Now that you can watch all of The Mary Tyler Moore Show on Hulu, I’ll occasionally be sharing some of my favorites here, in case you want to skip around to some of the highlights or want a prompt for a rewatch.
If you do watch on Hulu, you’re likely to start at the beginning with the pilot “Love Is All Around,” and lucky you: This is one of the greatest pilots of all time. It wasn’t a huge hit with its early test audiences, and critics seemed too distracted by Mary’s singlehood to get the full impact of this smooth, flawless introductory episode. (If you want to appreciate how hard it is to make a great pilot, check out the first Seinfeld, which is both boring and not at all indicative of how spectacular the show would ultimately be.)
The Mary Tyler Moore Show‘s Sept. 19, 1970, premiere on CBS beautifully displayed the polished, character-driven style that creators James L. Brooks and Allan Burns were known for. Here we meet Mary, a 30-year-old woman starting her life over on her own after a breakup with a fiancé. She seems tentative and nervous, but she also snaps back with strength just when she needs to. This was a quality that would drive the show, and it’s demonstrated here twice, in two pitch-perfect scenes. One is rightfully famous: Mary goes in for a job interview at the local TV news station, where she dodges inappropriate questions about religion and marital status lobbed at her by the cantankerous boss Lou Grant. “You’ve got spunk,” he growls, pausing just the right amount. “I hate spunk!” She gets the job anyway, setting up a duo of foils for the ages.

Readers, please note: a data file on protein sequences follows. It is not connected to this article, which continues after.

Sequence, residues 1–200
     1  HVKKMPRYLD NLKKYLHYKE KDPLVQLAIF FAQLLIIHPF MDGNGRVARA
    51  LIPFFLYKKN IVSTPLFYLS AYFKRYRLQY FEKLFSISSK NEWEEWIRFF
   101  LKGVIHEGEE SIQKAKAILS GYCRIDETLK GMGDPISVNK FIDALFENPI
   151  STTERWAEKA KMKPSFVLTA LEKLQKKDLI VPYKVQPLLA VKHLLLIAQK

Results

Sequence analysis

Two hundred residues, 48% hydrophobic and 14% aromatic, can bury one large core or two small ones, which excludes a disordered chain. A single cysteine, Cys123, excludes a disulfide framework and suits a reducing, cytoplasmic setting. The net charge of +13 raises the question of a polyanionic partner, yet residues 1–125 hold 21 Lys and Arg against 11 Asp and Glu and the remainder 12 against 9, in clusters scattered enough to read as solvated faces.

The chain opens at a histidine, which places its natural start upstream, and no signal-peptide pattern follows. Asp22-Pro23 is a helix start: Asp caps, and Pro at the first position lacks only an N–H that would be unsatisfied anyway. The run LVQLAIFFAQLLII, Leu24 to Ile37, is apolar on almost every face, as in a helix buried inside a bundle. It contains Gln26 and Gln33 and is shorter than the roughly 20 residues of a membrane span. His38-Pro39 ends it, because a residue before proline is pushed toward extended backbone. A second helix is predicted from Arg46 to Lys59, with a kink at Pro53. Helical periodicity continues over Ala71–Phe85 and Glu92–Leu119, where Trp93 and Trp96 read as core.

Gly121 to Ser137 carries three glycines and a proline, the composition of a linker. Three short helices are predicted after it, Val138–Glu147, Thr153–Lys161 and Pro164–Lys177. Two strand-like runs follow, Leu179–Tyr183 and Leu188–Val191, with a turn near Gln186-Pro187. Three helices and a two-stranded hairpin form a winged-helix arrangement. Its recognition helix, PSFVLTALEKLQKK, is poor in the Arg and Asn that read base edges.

The other scene is less famous, more understated, and a tearjerker if you’re in the right mood. Mary’s ex shows up hoping for another chance, but short on concrete promises. When she turns him down, he says, “Take care of yourself.” She answers, “I think I just did.”
It’s all there from the beginning: Mary’s inner struggle, represented best by the gruff boss who would turn quite tender in the course of their relationship, and Mary’s iconic status as an independent woman of the 1970s.